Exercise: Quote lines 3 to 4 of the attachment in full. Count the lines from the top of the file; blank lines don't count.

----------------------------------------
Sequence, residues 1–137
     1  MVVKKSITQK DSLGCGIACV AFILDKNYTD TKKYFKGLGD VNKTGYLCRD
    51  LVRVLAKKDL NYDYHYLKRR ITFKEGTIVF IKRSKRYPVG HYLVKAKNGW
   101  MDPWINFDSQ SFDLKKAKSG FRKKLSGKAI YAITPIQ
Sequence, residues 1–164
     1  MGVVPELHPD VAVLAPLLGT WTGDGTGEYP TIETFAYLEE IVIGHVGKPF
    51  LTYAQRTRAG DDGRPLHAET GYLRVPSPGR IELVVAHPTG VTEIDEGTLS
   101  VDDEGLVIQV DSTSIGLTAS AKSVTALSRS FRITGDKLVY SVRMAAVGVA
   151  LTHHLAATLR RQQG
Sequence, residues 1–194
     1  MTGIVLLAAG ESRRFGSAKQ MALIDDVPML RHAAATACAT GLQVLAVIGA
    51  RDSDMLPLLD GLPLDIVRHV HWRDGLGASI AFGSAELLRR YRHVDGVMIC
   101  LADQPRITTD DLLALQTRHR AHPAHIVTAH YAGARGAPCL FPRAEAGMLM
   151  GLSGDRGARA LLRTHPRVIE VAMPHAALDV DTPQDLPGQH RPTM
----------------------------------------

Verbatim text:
    51  LVRVLAKKDL NYDYHYLKRR ITFKEGTIVF IKRSKRYPVG HYLVKAKNGW
   101  MDPWINFDSQ SFDLKKAKSG FRKKLSGKAI YAITPIQ